My first party was more than successful, despite the constant disapproval of the club owner, who in the end rubbed his hands with well-earned money. Despite the poor cash register conditions, the event was in surplus and soon followed a second, third, fourth and so on.
I added some new elements, new strategies and worked on correcting my mistakes on each new event. To this day, I count over a hundred organised parties, corporate dinners, opening clubs, beach parties and similar parties for corporations, brands, clubs and festivals.
Energy and enthusiasm as a key to success
Each event, whether it’s business, private, sponsorship or other, has its own story, rules and methods of organisation, and each event organised has its own way of working.
What I wanted to say through this story related to my premier event, and was that for successful organisation you need a strong level of energy and enthusiasm as a key to success. You simply have to know and love this job. Never let money be the driver to manage the organisation of the event! Everything that you’re doing primarily for the money, and not because of love for this work, is losing out on quality and creativity. Money is still the prime mover and everyone’s goal is to make money from the organisation, but please do not be overwhelmed by money. Do not begin to calculate with big numbers, because it can often backfire.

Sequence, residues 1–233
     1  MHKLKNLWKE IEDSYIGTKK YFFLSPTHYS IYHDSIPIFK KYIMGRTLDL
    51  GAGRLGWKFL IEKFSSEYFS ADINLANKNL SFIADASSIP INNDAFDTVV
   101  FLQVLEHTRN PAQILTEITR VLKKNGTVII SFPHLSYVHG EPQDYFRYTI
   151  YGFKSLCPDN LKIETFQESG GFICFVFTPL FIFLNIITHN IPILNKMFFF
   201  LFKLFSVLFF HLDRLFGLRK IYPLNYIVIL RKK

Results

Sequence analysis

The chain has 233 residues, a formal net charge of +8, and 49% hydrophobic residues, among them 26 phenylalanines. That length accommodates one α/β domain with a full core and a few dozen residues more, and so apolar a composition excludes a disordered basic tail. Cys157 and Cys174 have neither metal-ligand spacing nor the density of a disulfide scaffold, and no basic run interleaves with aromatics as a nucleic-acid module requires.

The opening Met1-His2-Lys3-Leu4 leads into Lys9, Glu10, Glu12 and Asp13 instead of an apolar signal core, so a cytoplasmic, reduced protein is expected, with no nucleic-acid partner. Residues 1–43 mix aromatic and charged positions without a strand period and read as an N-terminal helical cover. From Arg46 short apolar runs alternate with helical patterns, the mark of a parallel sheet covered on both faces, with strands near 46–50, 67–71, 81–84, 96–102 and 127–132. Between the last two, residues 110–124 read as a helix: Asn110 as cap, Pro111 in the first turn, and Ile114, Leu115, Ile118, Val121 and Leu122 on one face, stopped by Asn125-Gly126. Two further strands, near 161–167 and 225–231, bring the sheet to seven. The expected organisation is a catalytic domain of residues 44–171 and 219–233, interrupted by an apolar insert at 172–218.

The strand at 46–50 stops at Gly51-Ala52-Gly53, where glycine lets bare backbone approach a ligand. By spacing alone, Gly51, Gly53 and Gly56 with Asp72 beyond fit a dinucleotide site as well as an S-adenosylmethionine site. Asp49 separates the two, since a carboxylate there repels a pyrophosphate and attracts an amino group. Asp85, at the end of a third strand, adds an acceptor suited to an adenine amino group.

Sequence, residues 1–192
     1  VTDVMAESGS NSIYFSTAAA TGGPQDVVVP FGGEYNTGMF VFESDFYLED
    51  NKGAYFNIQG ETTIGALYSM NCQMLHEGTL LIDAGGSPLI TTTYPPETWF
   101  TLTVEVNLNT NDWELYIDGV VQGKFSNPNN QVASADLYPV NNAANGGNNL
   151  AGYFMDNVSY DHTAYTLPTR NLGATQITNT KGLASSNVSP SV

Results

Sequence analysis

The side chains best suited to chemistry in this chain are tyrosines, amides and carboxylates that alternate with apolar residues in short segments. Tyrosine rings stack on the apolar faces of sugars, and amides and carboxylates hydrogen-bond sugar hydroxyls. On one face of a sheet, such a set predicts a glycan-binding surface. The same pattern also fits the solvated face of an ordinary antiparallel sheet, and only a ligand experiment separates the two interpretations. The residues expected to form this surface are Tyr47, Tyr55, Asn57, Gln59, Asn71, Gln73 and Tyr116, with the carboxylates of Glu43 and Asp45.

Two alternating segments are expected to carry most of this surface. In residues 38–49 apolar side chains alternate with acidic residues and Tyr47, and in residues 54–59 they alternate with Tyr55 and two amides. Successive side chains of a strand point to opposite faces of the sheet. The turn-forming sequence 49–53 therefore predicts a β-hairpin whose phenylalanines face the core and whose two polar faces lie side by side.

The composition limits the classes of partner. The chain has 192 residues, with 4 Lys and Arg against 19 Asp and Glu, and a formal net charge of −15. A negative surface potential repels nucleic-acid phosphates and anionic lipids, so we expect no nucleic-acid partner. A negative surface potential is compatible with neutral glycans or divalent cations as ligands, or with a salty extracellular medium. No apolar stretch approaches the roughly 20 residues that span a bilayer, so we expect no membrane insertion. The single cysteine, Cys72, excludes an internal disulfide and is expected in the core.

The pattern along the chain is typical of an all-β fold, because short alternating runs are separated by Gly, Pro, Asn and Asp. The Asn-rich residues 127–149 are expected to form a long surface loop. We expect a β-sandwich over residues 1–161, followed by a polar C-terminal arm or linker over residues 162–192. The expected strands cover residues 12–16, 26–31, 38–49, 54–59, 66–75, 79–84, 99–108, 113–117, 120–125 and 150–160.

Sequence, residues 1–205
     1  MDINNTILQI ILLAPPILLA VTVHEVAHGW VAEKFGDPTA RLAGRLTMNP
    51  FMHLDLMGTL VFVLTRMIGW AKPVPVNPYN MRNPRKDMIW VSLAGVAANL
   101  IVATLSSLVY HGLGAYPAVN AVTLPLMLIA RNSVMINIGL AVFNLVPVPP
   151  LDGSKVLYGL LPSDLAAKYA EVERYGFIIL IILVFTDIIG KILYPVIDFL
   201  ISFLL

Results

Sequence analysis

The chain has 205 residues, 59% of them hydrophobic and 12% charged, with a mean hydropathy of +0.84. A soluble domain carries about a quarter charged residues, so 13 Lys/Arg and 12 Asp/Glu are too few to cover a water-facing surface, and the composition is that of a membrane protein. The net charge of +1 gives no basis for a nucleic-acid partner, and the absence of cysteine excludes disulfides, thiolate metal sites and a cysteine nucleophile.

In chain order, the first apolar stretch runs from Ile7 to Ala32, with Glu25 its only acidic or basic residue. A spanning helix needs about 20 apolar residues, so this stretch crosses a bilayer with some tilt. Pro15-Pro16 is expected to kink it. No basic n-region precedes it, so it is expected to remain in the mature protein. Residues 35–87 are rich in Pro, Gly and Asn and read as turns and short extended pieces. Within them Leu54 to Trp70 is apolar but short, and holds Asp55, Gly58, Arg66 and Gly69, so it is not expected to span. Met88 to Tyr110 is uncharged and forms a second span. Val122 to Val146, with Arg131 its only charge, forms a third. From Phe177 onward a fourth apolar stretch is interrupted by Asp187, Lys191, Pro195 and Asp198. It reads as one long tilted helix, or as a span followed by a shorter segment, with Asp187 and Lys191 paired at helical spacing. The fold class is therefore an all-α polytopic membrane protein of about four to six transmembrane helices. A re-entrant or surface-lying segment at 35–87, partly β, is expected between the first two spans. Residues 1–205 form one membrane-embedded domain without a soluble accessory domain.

[pullquote]Today, the organiser has to invest 70% of the budget on Internet promotion, because it’s the fastest way to transfer information, but also the most efficient.[/pullquote]
Besides this energy and enthusiasm, today it is very important to have a good team around you. Creating a network of quality partners and professionals for today and tomorrow is just as important as finding a sponsor for the event. There is no person in the world who can arrange everything without leaning on the team or the services of external experts. To many, production (sound, lighting and set design) is not important, but this is the segment that captivates the audience and makes your event more spectacular. Organisers often save money on this element.
Internet promotion generates interaction with the audience and the dissemination of information is very fast. We have seen a tremendously decreased use of printed promotional tools, such as flyers, posters and billboards. Many don’t understand the importance of recording a photo/audio/video or live streaming video. These are segments that during or after the event have a fantastic effect for each organiser: with images and videos, you can assure yourself of a good part of the audience also for the next events.